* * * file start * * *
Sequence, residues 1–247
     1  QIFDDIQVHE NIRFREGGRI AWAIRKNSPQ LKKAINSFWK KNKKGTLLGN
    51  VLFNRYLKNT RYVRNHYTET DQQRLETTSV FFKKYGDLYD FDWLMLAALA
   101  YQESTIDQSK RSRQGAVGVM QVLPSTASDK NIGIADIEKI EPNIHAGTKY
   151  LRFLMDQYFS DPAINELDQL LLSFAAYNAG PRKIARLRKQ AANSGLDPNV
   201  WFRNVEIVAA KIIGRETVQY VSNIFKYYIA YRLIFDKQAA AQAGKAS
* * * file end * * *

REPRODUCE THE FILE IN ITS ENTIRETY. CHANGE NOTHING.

Sequence, residues 1–247
     1  QIFDDIQVHE NIRFREGGRI AWAIRKNSPQ LKKAINSFWK KNKKGTLLGN
    51  VLFNRYLKNT RYVRNHYTET DQQRLETTSV FFKKYGDLYD FDWLMLAALA
   101  YQESTIDQSK RSRQGAVGVM QVLPSTASDK NIGIADIEKI EPNIHAGTKY
   151  LRFLMDQYFS DPAINELDQL LLSFAAYNAG PRKIARLRKQ AANSGLDPNV
   201  WFRNVEIVAA KIIGRETVQY VSNIFKYYIA YRLIFDKQAA AQAGKAS